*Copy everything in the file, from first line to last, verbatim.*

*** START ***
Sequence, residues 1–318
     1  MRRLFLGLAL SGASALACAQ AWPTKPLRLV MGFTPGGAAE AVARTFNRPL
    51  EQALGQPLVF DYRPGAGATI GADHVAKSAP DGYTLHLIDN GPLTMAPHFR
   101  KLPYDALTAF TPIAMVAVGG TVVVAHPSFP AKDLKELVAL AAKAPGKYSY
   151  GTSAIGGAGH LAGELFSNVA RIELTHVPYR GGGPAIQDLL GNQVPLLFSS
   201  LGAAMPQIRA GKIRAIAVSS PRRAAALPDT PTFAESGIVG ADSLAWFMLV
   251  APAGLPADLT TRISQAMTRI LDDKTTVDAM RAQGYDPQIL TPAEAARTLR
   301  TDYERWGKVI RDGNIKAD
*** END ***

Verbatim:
Sequence, residues 1–318
     1  MRRLFLGLAL SGASALACAQ AWPTKPLRLV MGFTPGGAAE AVARTFNRPL
    51  EQALGQPLVF DYRPGAGATI GADHVAKSAP DGYTLHLIDN GPLTMAPHFR
   101  KLPYDALTAF TPIAMVAVGG TVVVAHPSFP AKDLKELVAL AAKAPGKYSY
   151  GTSAIGGAGH LAGELFSNVA RIELTHVPYR GGGPAIQDLL GNQVPLLFSS
   201  LGAAMPQIRA GKIRAIAVSS PRRAAALPDT PTFAESGIVG ADSLAWFMLV
   251  APAGLPADLT TRISQAMTRI LDDKTTVDAM RAQGYDPQIL TPAEAARTLR
   301  TDYERWGKVI RDGNIKAD